5:30pm Novus Ordo Mass in Latin (commonly called the 'vigil Mass' because of the execrable catechesis that has held sway in the Church since the 70s), otherwise known as the first Sunday Mass; it is not a vigil Mass in the traditional sense, although I suppose it is, really, in the post-Novus Ordo sense. In any case. I didn't get downtown yesterday evening and am not signed up for Mass this morning so am screwed, I reckon. Tsk.
For some reason that I don't know Saint-Eugène is also livestreaming a low Mass later on, after Vespers. I expect that it has to do with public cult having been forbidden (the appeals at the Conseil d'Etat were rejected yesterday) but am not sure. Individuals can, it seems, go to church e.g. to pray before the Most Blessed Sacrament and priests can still celebrate Holy Mass there 'privately'. If these events happen to coincide, one can hear Mass. I suppose a pastor can announce 'there is no public celebration, but I'll probably be saying Mass as usual', wink, wink, but can't imagine that the lackeys of the state would ignore this sort of 'arrangement' for long. Because I can't follow the spoken French sufficiently well, if M. l'Abbé G. has spoken about this business I've missed it. Not a Solemn Mass earlier, in any case.
Post Tertiam. Have just spent twenty minutes trying to rationalize how I have the columns in Tweetdeck arranged, tsk; the worst sort of First World 'problems'.
Klassikaraadio's 'Concert Hall' program is featuring ninety minutes of Erkii-Sven Tüür's music. This has been on for oh, half an hour, which demonstrates how I have to concentrate on the Tweetdeck nonsense, ha. Vespers is in just over a quarter of an hour.
Ante Sextam. Still a chilly 44° F. Am reading Kenneth Grahame's The Wind in the Willows with Gustav Jenner's String Quartet no 1 in G minor playing in the background.
Ante Vesperas. Someone, God bless his heart, chose today to tweet about a Classic FM article from May that reported the Neumz website was online. Neumz is a recording project that will make available (online and via an app for the iPad and mobile telephone etc) the entire three year cycle of Gregorian chant sung in a French Benedictine abbey observing the New Rite, Notre Dame de Fidélité de Jouques. (That the nuns use the New Rite matters, inter alia, because in it the lessons and responsoria at Matins are arranged in a three year cycle, unlike in the Traditional Rite that is established on the basis of an annual cycle.) In any event, the app is supposed to be ready to use this month in time for the beginning of Advent on November 29th.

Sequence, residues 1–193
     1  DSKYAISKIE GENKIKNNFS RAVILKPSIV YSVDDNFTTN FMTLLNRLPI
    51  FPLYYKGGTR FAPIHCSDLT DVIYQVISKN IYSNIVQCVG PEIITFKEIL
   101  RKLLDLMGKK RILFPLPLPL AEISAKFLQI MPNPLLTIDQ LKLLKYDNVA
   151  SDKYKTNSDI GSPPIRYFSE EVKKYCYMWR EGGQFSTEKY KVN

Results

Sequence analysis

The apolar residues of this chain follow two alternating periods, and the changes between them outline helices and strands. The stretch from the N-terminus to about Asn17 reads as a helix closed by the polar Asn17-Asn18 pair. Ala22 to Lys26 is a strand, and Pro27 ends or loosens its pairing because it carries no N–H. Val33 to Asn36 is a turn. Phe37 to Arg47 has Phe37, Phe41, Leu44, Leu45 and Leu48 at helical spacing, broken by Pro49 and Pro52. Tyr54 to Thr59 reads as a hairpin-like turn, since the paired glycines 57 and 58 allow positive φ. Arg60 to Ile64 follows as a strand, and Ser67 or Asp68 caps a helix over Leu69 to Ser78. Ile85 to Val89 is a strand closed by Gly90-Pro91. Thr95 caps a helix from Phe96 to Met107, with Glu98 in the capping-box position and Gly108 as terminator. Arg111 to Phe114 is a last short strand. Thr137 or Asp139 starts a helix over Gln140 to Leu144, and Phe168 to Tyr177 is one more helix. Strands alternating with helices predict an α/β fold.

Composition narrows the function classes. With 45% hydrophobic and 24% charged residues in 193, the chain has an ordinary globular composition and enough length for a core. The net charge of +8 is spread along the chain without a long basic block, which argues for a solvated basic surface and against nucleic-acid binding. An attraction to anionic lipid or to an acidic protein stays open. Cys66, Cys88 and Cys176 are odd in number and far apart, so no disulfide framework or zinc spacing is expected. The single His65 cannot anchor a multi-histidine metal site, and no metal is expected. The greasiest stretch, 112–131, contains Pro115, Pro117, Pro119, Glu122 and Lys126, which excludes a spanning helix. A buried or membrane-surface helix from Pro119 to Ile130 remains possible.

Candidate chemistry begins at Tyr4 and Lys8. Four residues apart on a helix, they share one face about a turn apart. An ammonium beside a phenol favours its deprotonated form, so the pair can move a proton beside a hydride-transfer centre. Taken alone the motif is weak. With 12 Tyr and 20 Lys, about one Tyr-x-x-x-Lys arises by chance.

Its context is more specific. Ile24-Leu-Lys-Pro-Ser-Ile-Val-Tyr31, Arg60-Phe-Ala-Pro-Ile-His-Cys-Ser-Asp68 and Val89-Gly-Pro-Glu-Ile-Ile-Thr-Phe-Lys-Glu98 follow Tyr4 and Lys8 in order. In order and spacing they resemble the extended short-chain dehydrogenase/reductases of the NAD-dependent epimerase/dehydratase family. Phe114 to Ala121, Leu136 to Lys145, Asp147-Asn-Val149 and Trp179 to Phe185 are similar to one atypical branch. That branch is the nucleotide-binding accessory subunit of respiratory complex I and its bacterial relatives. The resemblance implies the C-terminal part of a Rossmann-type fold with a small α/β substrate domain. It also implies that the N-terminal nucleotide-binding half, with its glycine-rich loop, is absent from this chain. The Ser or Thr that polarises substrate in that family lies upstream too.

The app features the notation for each chant with the text loading simultaneously with the progress of the chant, so that one can 'follow along'-- in a handful of modern language translations-- as the particular hour of the Office is sung. The last time I checked-- as the Classic FM article explained, the site launched in May at Pentecost-- there wasn't an entirely perfect simultaneity going on but such a magnificent project is bound to have glitches along the way.
Dr John Anderson has pointed out that similar projects in an abbey of men and in a house where the Traditional Rite is used are possibilities. Jouques was a providential opportunity in that he or someone else amongst the team (I have forgotten the details) has a sister or other near relation who is abbess at Jouques-- some sort of personal relationship in any case.